Last Lecture: You’re part of a small army. What will you fight for?
At the end of the semester, I write a post which functions like a “last lecture” to my students. Here’s one on that perennial question, “Am I a writer?” And here’s another on “What matters more: story or sentences?” Given that one of my classes was mentioned yesterday on Salon.com, I thought I’d focus this semester’s last lecture on the topic of literary citizenship and why I teach it.
What comes next?
I’ve always done a last lecture, even before I had a blog.
For 15 years, I’ve ended my creative writing classes by showing students how to submit work to literary magazines. This is nothing special; lots of creative writing teachers do this. You bring in a huge stack of magazines, show students how to research where to send their work, how to write a cover letter, how to keep track of submissions, how to deal with the inevitable rejections.
I showed students my rejections. I showed them bad cover letters (names redacted) that I’d swiped from a friend who edited a literary magazine. I talked about how long it can take to place a story—months or years. I ended by saying, “If you want to be a writer, this is the next step you need to take.”
Generally, I got three types of reactions:
- Some students got excited about the process of taking the next step.
- Some freaked out. They said, “Why didn’t you tell us this sooner? We should have been doing this the whole time!”
- Some students zoned out.
I want to talk about these three types of students.
The 1’s who get excited
The 1’s would have pursued a writing life even if I had never talked about how to submit work. Thank god for them. The end.
The 2’s who freak out
The 2’s might pursue the writing life as well, but they are very anxious. To them, I’d say, “No, you should NOT have learned about publishing at the beginning. You’re an apprentice. You’re learning. Most of you aren’t even ready to submit.”
But the truth is that I didn’t teach this sooner because nobody in higher education teaches undergraduate creative writing as a “path to publication” or “employment.” Few faculty talk about publication or professionalization at all, and certainly, nobody puts it first. Not even in graduate programs. For years and years, professionalization has been an anathema in creative writing programs. We aren’t like a journalism or professional writing program. That’s just not what we do. That is changing a little, and I think that’s a good thing, for the most part.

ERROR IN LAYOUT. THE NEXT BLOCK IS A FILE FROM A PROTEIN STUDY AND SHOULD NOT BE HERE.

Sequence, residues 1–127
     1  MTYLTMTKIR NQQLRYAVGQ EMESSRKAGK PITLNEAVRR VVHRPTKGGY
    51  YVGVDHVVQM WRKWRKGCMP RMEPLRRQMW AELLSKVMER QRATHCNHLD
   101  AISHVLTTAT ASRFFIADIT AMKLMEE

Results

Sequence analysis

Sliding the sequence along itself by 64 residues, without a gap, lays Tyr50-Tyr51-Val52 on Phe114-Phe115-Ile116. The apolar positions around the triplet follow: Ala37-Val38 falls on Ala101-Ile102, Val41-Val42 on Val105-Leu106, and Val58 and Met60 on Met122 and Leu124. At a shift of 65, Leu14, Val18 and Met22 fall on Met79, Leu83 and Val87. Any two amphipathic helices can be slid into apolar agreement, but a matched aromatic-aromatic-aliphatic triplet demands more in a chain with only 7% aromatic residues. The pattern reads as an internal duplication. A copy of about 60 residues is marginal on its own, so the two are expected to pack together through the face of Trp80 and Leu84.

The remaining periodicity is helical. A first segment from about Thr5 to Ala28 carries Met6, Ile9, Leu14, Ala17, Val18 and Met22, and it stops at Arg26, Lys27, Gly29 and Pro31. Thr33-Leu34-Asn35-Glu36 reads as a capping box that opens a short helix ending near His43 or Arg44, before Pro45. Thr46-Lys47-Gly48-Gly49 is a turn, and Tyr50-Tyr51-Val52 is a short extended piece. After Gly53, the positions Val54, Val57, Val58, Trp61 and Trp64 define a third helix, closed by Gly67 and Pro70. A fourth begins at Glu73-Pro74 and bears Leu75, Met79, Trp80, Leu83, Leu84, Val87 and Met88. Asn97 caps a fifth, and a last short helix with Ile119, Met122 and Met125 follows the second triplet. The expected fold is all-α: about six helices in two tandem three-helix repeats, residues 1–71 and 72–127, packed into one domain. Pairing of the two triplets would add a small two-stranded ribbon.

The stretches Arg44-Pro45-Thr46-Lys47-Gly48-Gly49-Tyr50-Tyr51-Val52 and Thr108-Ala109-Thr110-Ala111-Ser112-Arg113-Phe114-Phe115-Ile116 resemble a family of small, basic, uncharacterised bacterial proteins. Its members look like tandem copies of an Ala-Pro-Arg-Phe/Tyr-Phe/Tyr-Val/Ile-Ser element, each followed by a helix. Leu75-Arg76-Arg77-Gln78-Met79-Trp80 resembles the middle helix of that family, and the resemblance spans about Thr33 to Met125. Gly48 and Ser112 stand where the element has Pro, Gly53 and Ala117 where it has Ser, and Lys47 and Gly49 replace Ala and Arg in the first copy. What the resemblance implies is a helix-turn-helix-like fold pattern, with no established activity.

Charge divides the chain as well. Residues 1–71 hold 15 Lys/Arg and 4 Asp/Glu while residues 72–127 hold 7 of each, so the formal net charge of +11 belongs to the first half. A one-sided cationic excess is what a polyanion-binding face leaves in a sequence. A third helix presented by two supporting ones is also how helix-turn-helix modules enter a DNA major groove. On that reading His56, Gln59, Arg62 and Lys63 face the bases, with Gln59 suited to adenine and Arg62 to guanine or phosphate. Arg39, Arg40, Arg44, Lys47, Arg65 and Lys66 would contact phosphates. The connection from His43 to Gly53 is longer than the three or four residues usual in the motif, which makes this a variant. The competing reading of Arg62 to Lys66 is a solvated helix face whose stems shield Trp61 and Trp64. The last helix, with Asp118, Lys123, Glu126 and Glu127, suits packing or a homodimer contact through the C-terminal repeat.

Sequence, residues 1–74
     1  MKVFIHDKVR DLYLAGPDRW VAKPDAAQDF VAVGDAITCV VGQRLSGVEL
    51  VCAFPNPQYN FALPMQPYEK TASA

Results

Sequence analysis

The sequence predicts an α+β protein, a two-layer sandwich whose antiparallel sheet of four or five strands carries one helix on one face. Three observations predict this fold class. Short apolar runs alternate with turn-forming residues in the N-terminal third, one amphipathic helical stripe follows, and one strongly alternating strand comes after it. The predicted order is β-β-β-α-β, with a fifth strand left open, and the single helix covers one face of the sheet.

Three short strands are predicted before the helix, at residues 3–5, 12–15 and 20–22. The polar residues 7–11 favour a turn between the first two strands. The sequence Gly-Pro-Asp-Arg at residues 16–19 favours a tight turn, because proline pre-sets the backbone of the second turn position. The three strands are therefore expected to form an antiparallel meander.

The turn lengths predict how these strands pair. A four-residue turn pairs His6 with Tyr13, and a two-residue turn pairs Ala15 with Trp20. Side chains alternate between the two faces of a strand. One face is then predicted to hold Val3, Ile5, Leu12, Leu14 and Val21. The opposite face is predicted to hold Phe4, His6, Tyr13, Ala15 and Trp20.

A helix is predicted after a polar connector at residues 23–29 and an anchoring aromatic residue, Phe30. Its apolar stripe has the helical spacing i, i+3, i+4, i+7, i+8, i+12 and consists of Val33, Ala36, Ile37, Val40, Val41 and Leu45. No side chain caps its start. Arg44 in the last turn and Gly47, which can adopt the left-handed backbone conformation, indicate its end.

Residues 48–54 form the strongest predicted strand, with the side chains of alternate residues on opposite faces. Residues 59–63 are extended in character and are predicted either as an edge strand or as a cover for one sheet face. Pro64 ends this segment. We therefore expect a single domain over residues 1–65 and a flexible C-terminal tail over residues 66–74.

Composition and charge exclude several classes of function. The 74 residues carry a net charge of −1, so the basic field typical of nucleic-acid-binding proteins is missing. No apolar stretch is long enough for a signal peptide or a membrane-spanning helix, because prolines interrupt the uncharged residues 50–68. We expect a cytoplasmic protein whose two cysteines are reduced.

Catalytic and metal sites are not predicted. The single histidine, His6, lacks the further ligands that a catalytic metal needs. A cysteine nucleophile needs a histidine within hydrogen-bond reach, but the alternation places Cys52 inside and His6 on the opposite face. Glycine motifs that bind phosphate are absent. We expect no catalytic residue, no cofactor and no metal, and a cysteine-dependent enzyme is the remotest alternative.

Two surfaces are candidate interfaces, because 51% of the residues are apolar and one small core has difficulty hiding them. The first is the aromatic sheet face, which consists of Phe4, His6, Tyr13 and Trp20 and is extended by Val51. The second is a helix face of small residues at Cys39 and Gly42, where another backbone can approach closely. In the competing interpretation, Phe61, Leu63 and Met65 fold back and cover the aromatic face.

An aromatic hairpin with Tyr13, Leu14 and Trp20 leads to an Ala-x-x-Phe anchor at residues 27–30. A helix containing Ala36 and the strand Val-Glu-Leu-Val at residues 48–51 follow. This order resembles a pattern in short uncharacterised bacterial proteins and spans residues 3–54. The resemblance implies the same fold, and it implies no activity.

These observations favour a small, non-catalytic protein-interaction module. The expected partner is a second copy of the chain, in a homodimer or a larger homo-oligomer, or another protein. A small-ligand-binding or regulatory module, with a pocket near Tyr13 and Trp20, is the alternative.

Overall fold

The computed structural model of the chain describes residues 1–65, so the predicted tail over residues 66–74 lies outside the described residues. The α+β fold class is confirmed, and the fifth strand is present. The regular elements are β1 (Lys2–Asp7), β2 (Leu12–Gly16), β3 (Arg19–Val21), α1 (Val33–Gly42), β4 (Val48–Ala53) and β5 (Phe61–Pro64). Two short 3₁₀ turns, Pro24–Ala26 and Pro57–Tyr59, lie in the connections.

If you thought it would be otherwise, if you thought that we’d teach you in some sort of direct way how to write a best-selling novel or how to make a living, then I’m really sorry.
Why did you believe it would be otherwise?
Well, it certainly wasn’t because we promised that. Here is a list of all undergraduate creative writing programs in the country with links to their websites, and I don’t think you will find any promises other than “we will help you be a better writer.”
The reason you believed that a creative writing program would or should “teach you” how to “get a job as a writer” is that our entire culture has shifted towards this way of thinking. Even the POTUS thinks this way.
And why shouldn’t you expect college to function as job training? You are coming of age in difficult times, my students. I know.
But the truth is that arts programs have studied the long-term employment outcomes of their graduates and determined that no, they aren’t all working at Starbucks. They aren’t all working as artists either, which is what they probably wanted, but they are gainfully employed and use what they learned in college in a variety of ways.
This topic is too big for this post, but suffice it to say that a.) you have good reasons to be so anxious, but also b.) you don’t.
The 3’s who zone out
It’s the 3’s who I really worry about. The reason they zone out when I talk about publishing is that they really have no desire to publish. When I ask you to tell me why you’re majoring or minoring in creative writing, I get answers like this:
- Because I thought it would be fun.
- Because I like to read.
- Because I like to read, and it seemed more practical than majoring in literature.